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Globally, most cultures are open to several pluralistic and autonomous possibilities which are often experienced in the societies.  Like other cultures around the world, futures of Islam are affected by numerous possibilities. The emphases of many scholars and scholars have been on shaping the tenets influencing the sustainability of future of Muslim societies. In this pursuit, some scholars have argued that Islamic religion, as a whole, is shortsighted in the sense that it has failed to create opportunities and space for exploration of alternative future paths. Muslims have had the tendency of being nostalgic in regard to glories of their background. As argued by some great thinkers, the religion has been fatalistic about some of its modern problems.  Ziauddin Sardar is a 'critical polymath' and a scholar-adventurer who has been to all corners of the world while undertaking cultural analysis of Islamic religion (Lapidus, 2002).

Basing on Sardar thoughts, he strongly accented on diversity, dissenting and pluralistic perspectives relevant to Islamic religion. As suggested by other journalists, Sardar's Islamic analysis is surgically incisive. Thoughtfully, the thinker was not largely influenced by the correctness of academic thought throughout the course of his duties. His contributions to cultural analysis of futures of Islam range far and wide, but are particularly in Islamic futures, civilisation, postmodernism and identity.

For much too long, Muslim religion has persistently fallen back on age-old interpretations and perceptions. In the contemporary world, Muslims have experienced great pain as they have been uncomfortable with modernity despite reasoned struggle in the pursuit of reforms. Sardar is a stronger Muslim believer, however, he strongly criticize Islam. In reference to Islamic reforms in the contemporary societies, Sardar argues that Muslims are adversely affected by their tendency to be engraved in the ancient interpretations which are obsolete with the current and expected future happenings. In dissenting perspectives, the men-women relationship, the attitude towards women and the minority and the common notions of exclusivity ought to undergo fundamental transformations, and this can only be achieved by undertaking desired Islamic reforms.

In reference to his work, Reformist and Muslim Intellectuals, the scholar-adventurer argued that Islamic followers have been prone to cultural, physical and intellectual disbarment since they have constantly embraced parochialism and traditionalism in their family set ups. In order to avoid this extinction, Muslims are obliged to break free from these cultural mentalities. Lapidus (2002) affirmed that the sanctions posed by the post-colonial Islamic reforms have hampered the future of Muslims. Sardar consistently analyses the output of these reforms as revealed in his works: The Future of Muslim Civilisation and the Shape of Ideas to Come. According to him, Muslims would realize positive effects in the present day societies if they embrace creative thinking and eradicate ghetto mentality. By allowing these aspects to fossilize, their minds would roam free thus allowing creation of superior renaissance in ideas, attitudes and opinions. As such, new knowledge and technology would penetrate their societies (Lapidus, 2002).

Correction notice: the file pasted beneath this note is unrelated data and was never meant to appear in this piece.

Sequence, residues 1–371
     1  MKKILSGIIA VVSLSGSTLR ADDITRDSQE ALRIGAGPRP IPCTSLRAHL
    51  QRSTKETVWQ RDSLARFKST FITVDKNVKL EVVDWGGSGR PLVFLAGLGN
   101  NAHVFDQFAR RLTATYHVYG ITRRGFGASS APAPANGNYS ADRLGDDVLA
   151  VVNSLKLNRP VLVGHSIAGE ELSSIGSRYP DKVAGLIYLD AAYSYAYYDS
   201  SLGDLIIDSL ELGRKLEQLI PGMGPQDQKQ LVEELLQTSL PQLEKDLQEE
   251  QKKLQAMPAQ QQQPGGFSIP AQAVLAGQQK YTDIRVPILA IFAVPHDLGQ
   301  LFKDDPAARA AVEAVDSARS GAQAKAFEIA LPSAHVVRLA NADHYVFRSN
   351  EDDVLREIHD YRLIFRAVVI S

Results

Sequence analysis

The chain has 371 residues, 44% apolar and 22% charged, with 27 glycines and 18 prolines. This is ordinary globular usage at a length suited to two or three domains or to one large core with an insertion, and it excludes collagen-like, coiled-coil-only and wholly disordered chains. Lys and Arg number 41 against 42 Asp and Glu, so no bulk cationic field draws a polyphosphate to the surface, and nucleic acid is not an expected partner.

Throughout his life as a scholar, Sardar enunciates numerous principles, notions and ideologies that form the core heart of the all Islamic societies around the world. In the pursuit of bright future, Sardar revealed the necessity of fossilizing and promoting plurality and diversity in the Islamic societies. He recognizes the need and the importance of embracing consenuiples sus in order to attain desired goals and objectives of life by engaging constructively with the all aspects of the modern world. Hoyland (2004) suggested that the idea of modernism has acquired added urgency in the Islamic societies as evident by various attempts to introduce positive reforms. Sardar asserts that serious attempts have been made by notable sages and intellectuals at Ijtihad. By looking around the Muslim world, Sardar suggested that these people have achieved pathological strain hence allowing proliferation of intellectual, social and cultural dynamics in the contemporary societies. Therefore, fairness, equality and humane values that are necessary in the era of modernism have been realized (Hoyland, 2004).

According to the Hoyland (2004), Muslims believed that the West, and particularly America, has been instrumental in the pursuit of modernity. They have been quick to blame Americans for hegemonic policies and tendencies that resulted in great deal of injustices. However, Sardar argues that Muslims ought to blame themselves for the problems affecting them in the postmodern era. He suggested that Muslims have adhered to sacred texts of Qur'an as frame of reference in daily undertakings. The context of Muslims sacred text as eluded by Prophet Muhammad has been completely frozen in history. As a matter of fact, a religion can only have positive interpretative relationship with sacred text if it is regarded eternal. The Muslim sacred text has lost its significant meaning, and this has great impacts on the future of the religion. Evidently, Muslims have persistently and strongly associate themselves with some of the ancient notions and historic interpretations. In effect, these have constantly dragged them back to history, an issue which has no direct relevance to the lives of Muslims in the modern days. Fresh thinking has been impossible. Notably, the western notions and representations believed to have been projecting on their collective personality by demonizing them for several years have been internalized (Hoyland, 2004).